El Cajon Police Department reaches out to the community in efforts to raise awareness in crime safety

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It takes a village to raise a child. In El Cajon, it takes a community to combat crime. 

On Saturday, the El Cajon Police department put on a forum for residents of El Cajon at the Ronald Reagan Community Center in El Cajon to discuss the strides the department is taking to fight crime in the community. 

It takes a village to raise a child. In El Cajon, it takes a community to combat crime. 

On Saturday, the El Cajon Police department put on a forum for residents of El Cajon at the Ronald Reagan Community Center in El Cajon to discuss the strides the department is taking to fight crime in the community. 

Members from a variety of resources including the Recreation Department of El Cajon, Neighborhood Watch, Citizen’s Patrol and Crime Free Multi-Housing spoke about a range of topics from the dangers of synthetic drugs to pedestrian safety and accident prevention.

El Cajon Police K9 unit and Special Weapons and Tactics team put on a demonstration of equipment and suspect apprehension. The event had at least one high-profile attendee, Mcgruff the crime-fighting dog. 

El Cajon Police Department Captain Jeff Davis said the measures the city has taken in conjunction with the efforts of the community have made a major difference in crime in El Cajon. 

“El Cajon was one of only two cities in San Diego that showed a reduction in overall Crime last year,” he said. “As much as we’d love to take credit for that, the credit goes to the community and the community-involvement with programs like these.”  

Institute for Public Strategies Prevention Specialist William Perno discussed at length the issues the state of California and the city of El Cajon faces with the safety and law enforcement of sales and consumption of synthetic drugs, namely “spice” and “bath salts.” 

“Spice” is an herbal mixture doused with synthetic chemicals designed to produce experiences similar to marijuana and are sold as “safe,” legal alternatives to that drug. “

Perno also said that law enforcement officials are finding it difficult combatting the use of these dangerous substances because of current laws. California Health and Safety Code 11357.5 outlaws the possession for sale of some synthetic substances, however possession of the substances for personal use remains unchecked. 

“What we have right now is really a back door legalization of synthetic versions of drugs such as cocaine, meth, LSD, PCP and marijuana because possession is not illegal in the state of California,” he said.

Perno said the issue lies in the chemical makeup of the substance.

“This is just the tip of the iceberg,” he said. “It’s a difficult challenge to be able to control these drugs because they are not plant-based drugs, which are easier to control because of the plant-based products in them. These are synthetic drugs and you change one little molecule, one little formula and the name is different.”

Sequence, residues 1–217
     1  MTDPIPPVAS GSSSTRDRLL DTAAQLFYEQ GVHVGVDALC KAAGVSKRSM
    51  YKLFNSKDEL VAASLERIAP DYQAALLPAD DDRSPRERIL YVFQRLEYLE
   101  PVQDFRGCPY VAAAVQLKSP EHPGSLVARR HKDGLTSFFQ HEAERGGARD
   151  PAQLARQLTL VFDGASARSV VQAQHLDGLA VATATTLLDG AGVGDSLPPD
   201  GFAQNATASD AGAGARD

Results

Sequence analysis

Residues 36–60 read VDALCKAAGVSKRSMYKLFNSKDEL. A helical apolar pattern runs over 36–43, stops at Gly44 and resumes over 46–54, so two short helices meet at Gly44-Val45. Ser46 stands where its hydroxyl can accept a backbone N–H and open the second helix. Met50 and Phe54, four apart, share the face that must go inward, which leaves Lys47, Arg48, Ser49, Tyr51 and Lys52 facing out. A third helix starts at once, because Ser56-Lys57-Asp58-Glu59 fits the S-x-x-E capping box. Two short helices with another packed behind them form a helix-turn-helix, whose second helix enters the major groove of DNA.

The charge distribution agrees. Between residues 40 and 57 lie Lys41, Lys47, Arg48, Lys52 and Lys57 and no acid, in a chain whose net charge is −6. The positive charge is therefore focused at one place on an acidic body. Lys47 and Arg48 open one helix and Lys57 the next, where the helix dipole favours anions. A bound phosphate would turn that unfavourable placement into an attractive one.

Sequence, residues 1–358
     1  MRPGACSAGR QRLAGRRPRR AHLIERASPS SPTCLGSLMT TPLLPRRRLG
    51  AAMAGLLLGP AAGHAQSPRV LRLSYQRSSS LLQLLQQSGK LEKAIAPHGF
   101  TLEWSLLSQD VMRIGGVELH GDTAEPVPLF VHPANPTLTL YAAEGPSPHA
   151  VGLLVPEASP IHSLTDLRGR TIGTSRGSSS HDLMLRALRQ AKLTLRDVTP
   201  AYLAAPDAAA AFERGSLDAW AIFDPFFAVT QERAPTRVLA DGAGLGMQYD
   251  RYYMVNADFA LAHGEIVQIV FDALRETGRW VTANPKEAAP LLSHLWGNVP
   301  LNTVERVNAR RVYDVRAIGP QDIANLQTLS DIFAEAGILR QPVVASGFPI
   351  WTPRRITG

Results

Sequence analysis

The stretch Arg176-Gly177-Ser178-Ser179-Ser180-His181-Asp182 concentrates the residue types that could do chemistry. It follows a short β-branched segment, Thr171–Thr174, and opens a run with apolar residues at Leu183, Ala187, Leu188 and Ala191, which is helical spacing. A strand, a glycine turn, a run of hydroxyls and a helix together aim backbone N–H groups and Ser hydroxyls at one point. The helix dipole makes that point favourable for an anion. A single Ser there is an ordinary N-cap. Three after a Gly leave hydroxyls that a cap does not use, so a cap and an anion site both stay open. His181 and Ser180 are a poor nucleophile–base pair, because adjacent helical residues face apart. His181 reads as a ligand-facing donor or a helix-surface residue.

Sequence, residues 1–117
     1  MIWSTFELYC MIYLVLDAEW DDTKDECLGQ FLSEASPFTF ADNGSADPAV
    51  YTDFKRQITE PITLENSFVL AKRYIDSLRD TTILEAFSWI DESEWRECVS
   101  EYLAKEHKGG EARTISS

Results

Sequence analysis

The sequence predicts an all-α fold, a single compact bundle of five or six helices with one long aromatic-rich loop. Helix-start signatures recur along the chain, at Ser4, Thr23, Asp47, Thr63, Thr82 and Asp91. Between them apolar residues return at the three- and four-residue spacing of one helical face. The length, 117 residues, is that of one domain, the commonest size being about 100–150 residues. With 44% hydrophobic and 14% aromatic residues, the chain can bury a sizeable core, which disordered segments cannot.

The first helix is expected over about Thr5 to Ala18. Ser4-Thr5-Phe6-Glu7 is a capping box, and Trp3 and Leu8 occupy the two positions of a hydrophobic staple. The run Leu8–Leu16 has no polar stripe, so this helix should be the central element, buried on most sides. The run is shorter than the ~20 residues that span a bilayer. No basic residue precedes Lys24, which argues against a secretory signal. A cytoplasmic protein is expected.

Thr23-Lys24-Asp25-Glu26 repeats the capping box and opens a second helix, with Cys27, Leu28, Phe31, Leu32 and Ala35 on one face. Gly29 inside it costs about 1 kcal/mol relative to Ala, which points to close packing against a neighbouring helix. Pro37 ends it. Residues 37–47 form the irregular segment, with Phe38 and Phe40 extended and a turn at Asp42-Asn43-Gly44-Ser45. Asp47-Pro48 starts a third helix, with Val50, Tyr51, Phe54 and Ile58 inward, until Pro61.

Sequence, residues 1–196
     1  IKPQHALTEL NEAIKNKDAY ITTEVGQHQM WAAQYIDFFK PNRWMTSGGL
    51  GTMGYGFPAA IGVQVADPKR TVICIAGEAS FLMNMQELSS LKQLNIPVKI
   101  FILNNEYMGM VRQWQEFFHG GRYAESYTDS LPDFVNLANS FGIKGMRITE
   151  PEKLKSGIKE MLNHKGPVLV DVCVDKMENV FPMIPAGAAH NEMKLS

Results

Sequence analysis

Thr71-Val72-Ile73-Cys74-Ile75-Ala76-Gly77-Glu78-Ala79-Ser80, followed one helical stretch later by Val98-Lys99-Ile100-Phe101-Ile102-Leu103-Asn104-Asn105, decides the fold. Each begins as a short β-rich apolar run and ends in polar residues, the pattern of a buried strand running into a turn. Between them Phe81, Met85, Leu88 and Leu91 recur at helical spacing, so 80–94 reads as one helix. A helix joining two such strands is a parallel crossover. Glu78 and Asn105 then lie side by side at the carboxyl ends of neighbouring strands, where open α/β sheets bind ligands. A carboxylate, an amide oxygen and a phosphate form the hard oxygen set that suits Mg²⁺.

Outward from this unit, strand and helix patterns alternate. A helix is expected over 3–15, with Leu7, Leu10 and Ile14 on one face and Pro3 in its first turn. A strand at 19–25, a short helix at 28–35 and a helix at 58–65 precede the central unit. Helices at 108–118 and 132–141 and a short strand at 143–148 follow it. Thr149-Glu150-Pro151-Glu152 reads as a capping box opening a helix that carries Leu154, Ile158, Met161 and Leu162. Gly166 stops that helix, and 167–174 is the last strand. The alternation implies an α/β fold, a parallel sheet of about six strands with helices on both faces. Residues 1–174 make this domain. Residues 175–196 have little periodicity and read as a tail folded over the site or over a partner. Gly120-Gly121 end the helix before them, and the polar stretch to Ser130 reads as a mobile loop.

Perno said these substances are have been turning up in gas stations and convenience stores and readily available on the Internet, vividly packaged and labeled with the intent of enticing children and young adults.

Leaders of a consortium of community involvement groups spoke to residents about the need for active participants in the law enforcement support programs in El Cajon. 

These groups aid law enforcement in crime identification and reporting. Fletcher Hills Block Captain Debbie Carreno said neighborhood watch programs continue to help the El Cajon Police Department crack down on particularly troubled areas.

“We’ve been able to give the police places and times where issues are happening in our neighborhood,” she said. “I think we make it more effective for the police department.”

Samantha Sheurn, coordinator of crime free multi-housing, a version of the neighborhood watch program designated for multi-unit complexes such as apartments and condominiums praised the efforts put forth by the groups to curb crime and vandalism in the neighborhoods. El Cajon Citizen’s Patrol activist Shirley “Texas Cat” Johnson agreed.

“Our volunteers are very dedicated people,” she said. “Every week we go, on Friday and Saturday nights, and patrol the neighborhoods of El Cajon. We are a deterrent to crime. We don’t try to be police officers we just try to be extra eyes and ears for them. If there’s something not right, we call it in.”

 Community events, information about programs and ways to get involved can be found at the El Cajon Police Neighborhood Headquarters website www.elcajonneighbors.org.

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